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Intelligence and General Psychopathology in the Vietnam Experience Study: A Closer Look

Emil O. W. Kirkegaard and Helmuth Nyborg


Published: 2021/06/01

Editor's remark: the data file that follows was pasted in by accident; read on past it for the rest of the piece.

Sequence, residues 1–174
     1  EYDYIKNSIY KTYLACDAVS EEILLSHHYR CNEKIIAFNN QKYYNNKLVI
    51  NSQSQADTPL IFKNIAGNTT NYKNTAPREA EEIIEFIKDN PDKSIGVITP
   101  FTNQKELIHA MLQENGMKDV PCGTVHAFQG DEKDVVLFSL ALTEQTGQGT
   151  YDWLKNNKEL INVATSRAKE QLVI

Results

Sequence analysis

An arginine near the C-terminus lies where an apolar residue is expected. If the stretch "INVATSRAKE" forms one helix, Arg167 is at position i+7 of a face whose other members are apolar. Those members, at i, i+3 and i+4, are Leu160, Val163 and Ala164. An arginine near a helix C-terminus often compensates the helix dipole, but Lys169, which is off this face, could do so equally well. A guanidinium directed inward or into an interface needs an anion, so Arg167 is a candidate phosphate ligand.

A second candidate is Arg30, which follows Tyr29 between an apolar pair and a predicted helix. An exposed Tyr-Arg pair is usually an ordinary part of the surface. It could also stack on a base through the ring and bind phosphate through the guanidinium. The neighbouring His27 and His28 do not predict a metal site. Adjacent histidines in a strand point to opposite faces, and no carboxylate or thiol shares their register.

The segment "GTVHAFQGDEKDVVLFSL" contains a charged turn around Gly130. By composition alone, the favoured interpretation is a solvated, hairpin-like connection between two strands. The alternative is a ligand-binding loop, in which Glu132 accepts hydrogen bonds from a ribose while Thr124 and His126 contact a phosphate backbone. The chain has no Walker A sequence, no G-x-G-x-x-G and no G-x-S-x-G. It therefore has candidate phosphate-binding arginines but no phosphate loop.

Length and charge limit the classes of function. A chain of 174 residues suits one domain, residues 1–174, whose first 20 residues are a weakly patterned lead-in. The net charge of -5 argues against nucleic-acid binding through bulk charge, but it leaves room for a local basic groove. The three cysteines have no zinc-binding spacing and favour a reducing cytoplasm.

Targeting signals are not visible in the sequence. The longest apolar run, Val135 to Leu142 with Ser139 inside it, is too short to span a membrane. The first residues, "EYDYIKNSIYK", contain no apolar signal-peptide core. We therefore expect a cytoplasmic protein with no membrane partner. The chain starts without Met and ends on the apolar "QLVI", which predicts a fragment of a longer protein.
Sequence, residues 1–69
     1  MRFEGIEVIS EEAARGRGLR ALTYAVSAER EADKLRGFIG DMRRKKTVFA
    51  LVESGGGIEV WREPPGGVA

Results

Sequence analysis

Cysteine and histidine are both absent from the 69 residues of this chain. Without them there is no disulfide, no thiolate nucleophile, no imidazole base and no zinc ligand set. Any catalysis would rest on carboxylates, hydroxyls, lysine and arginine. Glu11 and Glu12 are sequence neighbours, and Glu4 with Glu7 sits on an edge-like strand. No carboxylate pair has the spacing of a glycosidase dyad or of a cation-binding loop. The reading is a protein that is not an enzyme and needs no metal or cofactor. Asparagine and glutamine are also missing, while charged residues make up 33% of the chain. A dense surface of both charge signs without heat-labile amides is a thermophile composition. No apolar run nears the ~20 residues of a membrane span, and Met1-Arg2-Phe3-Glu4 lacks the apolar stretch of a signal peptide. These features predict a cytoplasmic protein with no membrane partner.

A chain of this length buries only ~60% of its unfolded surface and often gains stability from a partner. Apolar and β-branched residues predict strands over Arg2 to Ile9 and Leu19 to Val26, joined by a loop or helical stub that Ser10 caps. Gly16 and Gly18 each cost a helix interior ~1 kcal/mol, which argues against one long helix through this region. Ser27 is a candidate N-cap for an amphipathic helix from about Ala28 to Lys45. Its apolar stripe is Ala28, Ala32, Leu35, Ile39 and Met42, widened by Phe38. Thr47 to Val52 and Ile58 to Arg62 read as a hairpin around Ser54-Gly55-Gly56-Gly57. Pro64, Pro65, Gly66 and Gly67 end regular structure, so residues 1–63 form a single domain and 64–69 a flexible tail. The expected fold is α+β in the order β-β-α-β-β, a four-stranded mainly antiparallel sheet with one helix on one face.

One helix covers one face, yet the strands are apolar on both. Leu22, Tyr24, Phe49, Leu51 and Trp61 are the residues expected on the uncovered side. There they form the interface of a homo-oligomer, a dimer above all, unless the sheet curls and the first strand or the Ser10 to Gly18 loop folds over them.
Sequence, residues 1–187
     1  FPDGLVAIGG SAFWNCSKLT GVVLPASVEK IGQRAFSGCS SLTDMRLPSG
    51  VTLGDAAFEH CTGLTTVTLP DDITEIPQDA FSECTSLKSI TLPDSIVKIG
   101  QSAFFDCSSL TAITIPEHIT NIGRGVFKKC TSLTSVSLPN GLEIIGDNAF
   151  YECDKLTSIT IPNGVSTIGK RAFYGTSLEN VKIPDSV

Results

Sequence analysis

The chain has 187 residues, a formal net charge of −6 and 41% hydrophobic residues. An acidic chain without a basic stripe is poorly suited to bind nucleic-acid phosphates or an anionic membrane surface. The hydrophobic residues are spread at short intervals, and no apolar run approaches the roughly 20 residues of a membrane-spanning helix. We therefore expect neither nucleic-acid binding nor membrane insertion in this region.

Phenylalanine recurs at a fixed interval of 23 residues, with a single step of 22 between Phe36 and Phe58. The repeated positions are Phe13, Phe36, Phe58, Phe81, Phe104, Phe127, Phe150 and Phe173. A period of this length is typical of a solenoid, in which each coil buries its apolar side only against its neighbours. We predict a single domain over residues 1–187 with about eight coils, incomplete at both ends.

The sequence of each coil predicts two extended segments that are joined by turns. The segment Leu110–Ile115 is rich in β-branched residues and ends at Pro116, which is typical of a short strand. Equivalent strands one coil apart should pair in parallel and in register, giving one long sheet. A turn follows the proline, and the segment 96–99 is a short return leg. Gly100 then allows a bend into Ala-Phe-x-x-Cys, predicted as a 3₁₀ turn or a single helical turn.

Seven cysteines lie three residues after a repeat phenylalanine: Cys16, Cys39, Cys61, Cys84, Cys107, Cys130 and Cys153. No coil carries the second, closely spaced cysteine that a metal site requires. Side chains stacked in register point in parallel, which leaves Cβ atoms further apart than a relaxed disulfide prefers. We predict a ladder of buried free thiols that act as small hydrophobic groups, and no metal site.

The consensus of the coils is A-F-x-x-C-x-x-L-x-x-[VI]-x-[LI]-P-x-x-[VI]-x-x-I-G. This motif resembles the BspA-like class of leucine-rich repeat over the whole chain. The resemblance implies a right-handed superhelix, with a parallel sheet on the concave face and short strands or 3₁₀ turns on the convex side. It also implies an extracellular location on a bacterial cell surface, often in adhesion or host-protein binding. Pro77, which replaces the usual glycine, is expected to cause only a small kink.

Prior research has indicated that one can summarize the variation in psychopathology measures in a single dimension, labeled P by analogy with the g factor of intelligence. Research shows that this P factor has a weak to moderate negative relationship to intelligence. We used data from the Vietnam Experience Study to reexamine the relations between psychopathology assessed with the MMPI (Minnesota Multiphasic Personality Inventory) and intelligence (total n = 4,462: 3,654 whites, 525 blacks, 200 Hispanics, and 83 others). We show that the scoring of the P factor affects the strength of the relationship with intelligence. Specifically, item response theory-based scores correlate more strongly with intelligence than sum-scoring or scale-based scores: r’s = -.35, -.31, and -.25, respectively. We furthermore show that the factor loadings from these analyses show moderately strong Jensen patterns such that items and scales with stronger loadings on the P factor also correlate more negatively with intelligence (r = -.51 for 566 items, -.60 for 14 scales). Finally, we show that training an elastic net model on the item data allows one to predict intelligence with extremely high precision, r = .84. We examined whether these predicted values worked as intended with regards to cross-racial predictive validity, and relations to other variables. We mostly find that they work as intended, but seem slightly less valid for blacks and Hispanics (r’s .85, .83, and .81, for whites, Hispanics, and blacks, respectively).

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